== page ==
Named after the city in Tasmania where he was allegedly conceived, Launceston Elliot was born and raised in India, spent most of his adult life in England, but was always a Scotsman in his heart. Born into a prominent family from the Scottish Borders region, and descended from the Earl of Minto, Elliot’s grandfather was the governor of Madras in India, where Launceston was born in 1874.
After returning to Great Britain as a teenager in 1887 to attend school, he began to train under German weightlifter Eugen Sandow, who was the man regarded as the founder of modern-day bodybuilding. By the time he was 16 he was competing at the first ever British weightlifting championships, and three years after that claimed the national title.
In 1896, Elliot joined the small group of British athletes sailing for Greece to compete at the inaugural Olympics. Although his main interest was the weightlifting, he also chose to compete in the 100m sprint, the curtain-raiser for the Games. He finished fourth in second heat and was duly eliminated, but put the disappointment behind him the following day when the weightlifting events got underway.
First up, was the two-handed lift. Elliot’s compatriot, Lawrence Levy, who had earlier withdrawn because of a dispute over whether dumbbells or barbells should be used, joined the Crown Prince of Greece on the judging panel.
Elliot meanwhile made it all the way to the final where he was pitted against Denmark's Viggo Jensen. Both men lifted 110kg but the Crown Prince decided to award gold to Jensen, who had lifted the weight cleanly, while Elliot had appeared to struggle. However, Levy contended that, as both men had lifted the same weight, they should both be given the opportunity to try a heavier weight. So plates were screwed onto the 110kg weights and both men tried to lift them.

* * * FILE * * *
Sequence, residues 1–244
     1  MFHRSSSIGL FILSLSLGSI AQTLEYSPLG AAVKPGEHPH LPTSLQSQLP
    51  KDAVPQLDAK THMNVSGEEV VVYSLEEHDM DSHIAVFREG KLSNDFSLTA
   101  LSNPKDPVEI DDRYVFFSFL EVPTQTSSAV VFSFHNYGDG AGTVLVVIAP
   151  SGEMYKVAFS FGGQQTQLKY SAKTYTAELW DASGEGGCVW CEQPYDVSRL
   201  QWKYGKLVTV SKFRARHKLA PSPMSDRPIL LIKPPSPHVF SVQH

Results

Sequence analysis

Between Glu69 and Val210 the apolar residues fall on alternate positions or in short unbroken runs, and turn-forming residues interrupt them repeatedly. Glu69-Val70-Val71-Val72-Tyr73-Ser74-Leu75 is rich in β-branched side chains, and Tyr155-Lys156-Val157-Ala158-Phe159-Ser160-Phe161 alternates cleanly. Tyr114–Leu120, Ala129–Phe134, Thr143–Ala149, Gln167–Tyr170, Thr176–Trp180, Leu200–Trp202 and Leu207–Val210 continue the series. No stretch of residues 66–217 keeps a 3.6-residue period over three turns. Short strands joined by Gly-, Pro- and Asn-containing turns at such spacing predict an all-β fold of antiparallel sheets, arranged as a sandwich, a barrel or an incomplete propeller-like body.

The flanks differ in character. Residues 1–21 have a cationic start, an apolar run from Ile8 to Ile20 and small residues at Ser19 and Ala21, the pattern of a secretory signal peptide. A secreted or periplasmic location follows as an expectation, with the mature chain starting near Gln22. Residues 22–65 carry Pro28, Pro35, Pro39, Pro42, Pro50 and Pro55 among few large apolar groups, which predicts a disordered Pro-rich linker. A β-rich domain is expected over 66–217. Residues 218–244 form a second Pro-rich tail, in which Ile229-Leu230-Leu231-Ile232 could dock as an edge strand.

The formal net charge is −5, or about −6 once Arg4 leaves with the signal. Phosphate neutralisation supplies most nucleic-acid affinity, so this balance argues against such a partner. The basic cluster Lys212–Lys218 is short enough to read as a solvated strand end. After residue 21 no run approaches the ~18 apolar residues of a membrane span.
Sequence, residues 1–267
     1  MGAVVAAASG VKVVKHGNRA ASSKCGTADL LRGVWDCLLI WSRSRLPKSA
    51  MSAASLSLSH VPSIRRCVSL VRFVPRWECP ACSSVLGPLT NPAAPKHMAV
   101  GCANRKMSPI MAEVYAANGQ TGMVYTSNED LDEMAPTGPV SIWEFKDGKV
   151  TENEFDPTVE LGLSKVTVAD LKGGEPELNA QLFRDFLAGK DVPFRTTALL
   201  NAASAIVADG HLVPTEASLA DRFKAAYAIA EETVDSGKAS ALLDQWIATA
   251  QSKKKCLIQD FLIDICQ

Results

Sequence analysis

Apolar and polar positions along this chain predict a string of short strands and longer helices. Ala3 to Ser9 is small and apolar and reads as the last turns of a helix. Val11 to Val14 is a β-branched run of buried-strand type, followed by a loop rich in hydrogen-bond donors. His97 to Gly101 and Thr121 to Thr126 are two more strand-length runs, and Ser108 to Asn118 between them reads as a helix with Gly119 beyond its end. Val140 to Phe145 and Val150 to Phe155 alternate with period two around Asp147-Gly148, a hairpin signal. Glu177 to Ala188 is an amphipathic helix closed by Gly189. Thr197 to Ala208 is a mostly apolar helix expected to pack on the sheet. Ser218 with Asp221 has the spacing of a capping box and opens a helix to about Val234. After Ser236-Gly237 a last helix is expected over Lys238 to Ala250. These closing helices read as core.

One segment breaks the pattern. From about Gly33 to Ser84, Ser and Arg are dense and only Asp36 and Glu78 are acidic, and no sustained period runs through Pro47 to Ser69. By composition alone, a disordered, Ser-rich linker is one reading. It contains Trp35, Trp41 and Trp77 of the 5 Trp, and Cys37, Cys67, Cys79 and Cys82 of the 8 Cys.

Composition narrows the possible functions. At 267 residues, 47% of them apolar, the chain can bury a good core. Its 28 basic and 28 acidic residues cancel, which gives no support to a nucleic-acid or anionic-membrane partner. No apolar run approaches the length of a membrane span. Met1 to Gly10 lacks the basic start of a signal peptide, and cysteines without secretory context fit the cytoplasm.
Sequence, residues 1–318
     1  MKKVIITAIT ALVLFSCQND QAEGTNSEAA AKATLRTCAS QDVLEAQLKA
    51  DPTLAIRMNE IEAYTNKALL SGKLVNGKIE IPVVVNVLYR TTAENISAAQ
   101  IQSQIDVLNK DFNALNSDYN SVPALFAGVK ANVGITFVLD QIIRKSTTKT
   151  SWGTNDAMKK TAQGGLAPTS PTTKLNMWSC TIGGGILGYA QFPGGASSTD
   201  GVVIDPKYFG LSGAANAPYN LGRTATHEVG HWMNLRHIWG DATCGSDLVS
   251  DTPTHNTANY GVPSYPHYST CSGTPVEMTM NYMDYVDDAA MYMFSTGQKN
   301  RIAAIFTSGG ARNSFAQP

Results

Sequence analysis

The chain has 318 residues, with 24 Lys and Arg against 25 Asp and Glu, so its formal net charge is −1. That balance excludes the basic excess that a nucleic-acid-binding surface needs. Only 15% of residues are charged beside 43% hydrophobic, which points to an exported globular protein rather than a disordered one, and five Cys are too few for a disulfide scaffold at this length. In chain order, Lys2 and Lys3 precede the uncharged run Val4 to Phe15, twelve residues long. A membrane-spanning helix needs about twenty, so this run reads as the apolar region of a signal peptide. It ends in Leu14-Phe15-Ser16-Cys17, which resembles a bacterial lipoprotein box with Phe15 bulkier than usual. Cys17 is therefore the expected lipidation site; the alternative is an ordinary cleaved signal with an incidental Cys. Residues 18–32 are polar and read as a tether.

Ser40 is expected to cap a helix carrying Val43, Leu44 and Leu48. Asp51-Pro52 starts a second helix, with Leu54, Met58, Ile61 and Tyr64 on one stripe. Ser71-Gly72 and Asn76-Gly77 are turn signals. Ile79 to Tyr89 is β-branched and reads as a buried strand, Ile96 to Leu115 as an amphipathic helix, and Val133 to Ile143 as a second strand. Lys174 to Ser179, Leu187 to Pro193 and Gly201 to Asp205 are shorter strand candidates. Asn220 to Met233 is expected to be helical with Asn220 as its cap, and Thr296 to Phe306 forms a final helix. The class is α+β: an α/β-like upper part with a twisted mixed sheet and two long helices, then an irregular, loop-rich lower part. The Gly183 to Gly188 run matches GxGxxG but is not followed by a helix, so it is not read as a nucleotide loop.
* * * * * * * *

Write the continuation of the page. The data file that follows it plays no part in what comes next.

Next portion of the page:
After another complaint from Levy that Jensen's lift was not legal, the original result was allowed to stand, with the title going to the Dane, and Elliot having to settle for second place.
Next up was the single-handed lift final, with the Dane and the Scot again going head to head.
Jensen had injured his shoulder with his last two-handed lift and could not compete with Elliot's lift of 71kg, so Great Britain had its first ever Olympic champion.
However, Elliot had no plans to rest on his laurels. He went on to compete in the 14m rope climb, finishing last, and also in the Greco-Roman wrestling, where he was extremely unhappy to lose his first bout, and had to be escorted from the stadium. That didn’t stop him winning hearts and minds among the Athens crowd, and the handsome Scot even received a marriage proposal “from a highly placed female admirer”.
Undeterred by the decision to leave his favourite event, weightlifting, out of the programme for the 1900 Games in Paris, he competed in the discus, though didn’t make the podium.
In 1905 Elliot embarked on a career in music hall, touring the world with a show that featured various feats of strength, such as carrying a metal bar across his shoulders with a bicycle and rider suspended from either end.
Elliot would then start to turn bearing this weight, getting progressively faster until both bikes and riders were horizontal. He retired soon after World War One, eventually relocating to Australia, where he died in 1930.